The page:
Obama’s program, as publicly released three days ago, is significantly better than McCain’s, but there are number of problems with it. Among its major strengths are:

-the projection of 5 million new jobs "by strategically investing $150 billion over the next ten years;" -projecting "1 million Plug-In Hybrid cars-cars that can get up to 150 miles per gallon-on the road by 2015;" -supporting a 100% auction of pollution credits under a cap-and-trade system; and, -creating "an energy-focused youth jobs program to invest in disconnected and disadvantaged youth;" (although no explicit commitment of funds is made)

But there are a lot of problems with it, also:

-Though comprehensive, it is not strong enough to avert the climate catastrophe we are facing. The Intergovernmental Panel on Climate Change says countries like the U.S. must reduce emissions between 35-50% compared to today’s levels (25-40% of the 1990 baseline of the Kyoto Protocol) by 2020. Lester Brown and others believe 80% by 2020 is much more realistic. The best Obama can do is project an 80% by 2050 target, a much too far out goal and not at all fast enough. -Obama frames the issue as primarily "our dependence on oil." There is nothing about the need to get off coal or natural gas. He explicitly supports "clean coal" and "invest(ment) in low emissions coal plants," which do not currently exist and are a waste of money given the renewable energy and conservation/efficiency options. -He calls for a major commitment to biofuels, "at least 60 billion gallons of advanced biofuels by 2030." Given the deepening food crisis and the realistic possibility of electric or compressed air-fueled cars/trucks on a massive scale, this is a bad idea. -He actively promotes increasing the supply of U.S.-produced oil and natural gas. -He keeps nuclear power open as an option, though with no specific commitments.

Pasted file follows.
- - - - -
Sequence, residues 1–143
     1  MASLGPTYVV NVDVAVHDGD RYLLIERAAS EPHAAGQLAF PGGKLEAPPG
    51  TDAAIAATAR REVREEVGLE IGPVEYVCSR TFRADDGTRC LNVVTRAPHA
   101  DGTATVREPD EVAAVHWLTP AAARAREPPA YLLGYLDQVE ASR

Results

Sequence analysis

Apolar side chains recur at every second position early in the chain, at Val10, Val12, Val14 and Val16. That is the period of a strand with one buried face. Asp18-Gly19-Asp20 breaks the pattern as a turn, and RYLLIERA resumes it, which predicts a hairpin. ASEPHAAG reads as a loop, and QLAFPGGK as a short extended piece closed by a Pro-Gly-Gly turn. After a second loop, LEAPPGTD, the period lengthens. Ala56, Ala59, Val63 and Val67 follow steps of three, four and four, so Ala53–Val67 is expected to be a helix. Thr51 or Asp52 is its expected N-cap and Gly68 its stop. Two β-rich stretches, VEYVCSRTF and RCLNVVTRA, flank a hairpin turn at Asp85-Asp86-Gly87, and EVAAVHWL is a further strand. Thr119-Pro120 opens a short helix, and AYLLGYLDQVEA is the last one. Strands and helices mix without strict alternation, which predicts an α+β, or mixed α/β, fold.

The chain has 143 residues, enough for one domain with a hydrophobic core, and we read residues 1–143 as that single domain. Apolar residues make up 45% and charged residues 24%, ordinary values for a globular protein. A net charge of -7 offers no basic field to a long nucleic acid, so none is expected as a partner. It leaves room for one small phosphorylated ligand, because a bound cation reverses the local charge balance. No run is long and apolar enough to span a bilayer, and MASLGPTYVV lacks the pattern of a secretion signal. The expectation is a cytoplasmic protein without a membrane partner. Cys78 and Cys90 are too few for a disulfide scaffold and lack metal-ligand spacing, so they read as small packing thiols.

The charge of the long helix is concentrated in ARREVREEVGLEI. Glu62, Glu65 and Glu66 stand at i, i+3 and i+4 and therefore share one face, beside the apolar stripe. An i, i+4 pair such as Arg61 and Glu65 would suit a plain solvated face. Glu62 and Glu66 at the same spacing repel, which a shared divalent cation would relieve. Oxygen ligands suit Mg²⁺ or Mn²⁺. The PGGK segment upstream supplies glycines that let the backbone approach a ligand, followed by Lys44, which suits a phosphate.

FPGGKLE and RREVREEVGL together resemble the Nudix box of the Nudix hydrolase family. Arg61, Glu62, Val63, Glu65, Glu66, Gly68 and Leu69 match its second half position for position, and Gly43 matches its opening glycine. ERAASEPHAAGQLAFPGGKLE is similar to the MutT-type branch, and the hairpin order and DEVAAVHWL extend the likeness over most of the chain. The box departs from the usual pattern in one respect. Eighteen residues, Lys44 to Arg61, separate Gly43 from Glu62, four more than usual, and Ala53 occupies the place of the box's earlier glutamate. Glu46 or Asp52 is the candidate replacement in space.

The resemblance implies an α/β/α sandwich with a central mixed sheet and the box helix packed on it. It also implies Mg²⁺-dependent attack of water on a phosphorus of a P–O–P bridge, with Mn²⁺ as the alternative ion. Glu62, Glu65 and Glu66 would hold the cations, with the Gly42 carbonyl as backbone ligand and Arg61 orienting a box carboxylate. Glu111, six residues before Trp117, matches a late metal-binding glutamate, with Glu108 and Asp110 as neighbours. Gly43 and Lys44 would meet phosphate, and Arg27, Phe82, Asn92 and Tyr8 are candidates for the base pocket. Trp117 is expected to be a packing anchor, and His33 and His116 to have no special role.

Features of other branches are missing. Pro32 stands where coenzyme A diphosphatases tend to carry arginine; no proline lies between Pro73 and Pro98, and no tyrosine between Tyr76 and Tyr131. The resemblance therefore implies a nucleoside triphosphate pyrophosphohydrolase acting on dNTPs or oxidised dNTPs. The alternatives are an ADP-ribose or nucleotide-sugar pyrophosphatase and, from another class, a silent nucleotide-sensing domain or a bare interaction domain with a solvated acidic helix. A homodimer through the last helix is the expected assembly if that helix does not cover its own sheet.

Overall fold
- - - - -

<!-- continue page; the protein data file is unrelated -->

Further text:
The two Presidential candidates to the left of Obama, Cynthia McKinney of the Green Party and independent Ralph Nader, have spoken and written about the need to move to a green economy, for green jobs, for renewable energy, etc., but I have not seen or heard either of them focus on this issue, make it absolutely central to their message. Neither has put forward a comprehensive program in the way that Obama and, to a much lesser extent, McCain has.

This is unfortunate because our seriously threatened ecosystem and all of its life forms are badly in need of a coherent, independent progressive movement which gets the urgency of the climate crisis. We need a broadly-based political force which articulates consistently a program to address it which connect issues and leads us away from our militaristic, unjust and exploitative past toward a truly hopeful, loving, clean energy future.